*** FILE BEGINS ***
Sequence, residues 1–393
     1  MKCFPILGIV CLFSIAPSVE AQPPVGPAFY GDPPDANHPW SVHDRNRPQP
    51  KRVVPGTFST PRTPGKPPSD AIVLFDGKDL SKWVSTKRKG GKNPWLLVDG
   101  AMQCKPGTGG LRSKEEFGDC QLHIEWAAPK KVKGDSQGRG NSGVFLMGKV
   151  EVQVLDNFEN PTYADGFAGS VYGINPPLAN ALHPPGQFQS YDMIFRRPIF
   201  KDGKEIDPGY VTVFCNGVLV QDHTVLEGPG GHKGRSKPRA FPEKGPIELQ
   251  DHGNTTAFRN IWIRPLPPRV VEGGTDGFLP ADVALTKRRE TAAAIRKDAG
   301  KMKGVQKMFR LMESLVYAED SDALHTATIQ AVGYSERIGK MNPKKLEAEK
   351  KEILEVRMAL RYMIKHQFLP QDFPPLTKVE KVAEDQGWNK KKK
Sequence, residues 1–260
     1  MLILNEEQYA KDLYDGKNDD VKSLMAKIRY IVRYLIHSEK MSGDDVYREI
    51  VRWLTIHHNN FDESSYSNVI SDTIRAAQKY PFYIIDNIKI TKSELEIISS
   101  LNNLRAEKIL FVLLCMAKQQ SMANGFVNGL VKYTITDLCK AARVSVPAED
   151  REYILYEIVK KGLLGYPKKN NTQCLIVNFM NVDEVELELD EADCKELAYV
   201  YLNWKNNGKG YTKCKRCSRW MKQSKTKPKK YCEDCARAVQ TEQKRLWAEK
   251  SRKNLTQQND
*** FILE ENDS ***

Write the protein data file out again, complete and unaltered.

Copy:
Sequence, residues 1–393
     1  MKCFPILGIV CLFSIAPSVE AQPPVGPAFY GDPPDANHPW SVHDRNRPQP
    51  KRVVPGTFST PRTPGKPPSD AIVLFDGKDL SKWVSTKRKG GKNPWLLVDG
   101  AMQCKPGTGG LRSKEEFGDC QLHIEWAAPK KVKGDSQGRG NSGVFLMGKV
   151  EVQVLDNFEN PTYADGFAGS VYGINPPLAN ALHPPGQFQS YDMIFRRPIF
   201  KDGKEIDPGY VTVFCNGVLV QDHTVLEGPG GHKGRSKPRA FPEKGPIELQ
   251  DHGNTTAFRN IWIRPLPPRV VEGGTDGFLP ADVALTKRRE TAAAIRKDAG
   301  KMKGVQKMFR LMESLVYAED SDALHTATIQ AVGYSERIGK MNPKKLEAEK
   351  KEILEVRMAL RYMIKHQFLP QDFPPLTKVE KVAEDQGWNK KKK
Sequence, residues 1–260
     1  MLILNEEQYA KDLYDGKNDD VKSLMAKIRY IVRYLIHSEK MSGDDVYREI
    51  VRWLTIHHNN FDESSYSNVI SDTIRAAQKY PFYIIDNIKI TKSELEIISS
   101  LNNLRAEKIL FVLLCMAKQQ SMANGFVNGL VKYTITDLCK AARVSVPAED
   151  REYILYEIVK KGLLGYPKKN NTQCLIVNFM NVDEVELELD EADCKELAYV
   201  YLNWKNNGKG YTKCKRCSRW MKQSKTKPKK YCEDCARAVQ TEQKRLWAEK
   251  SRKNLTQQND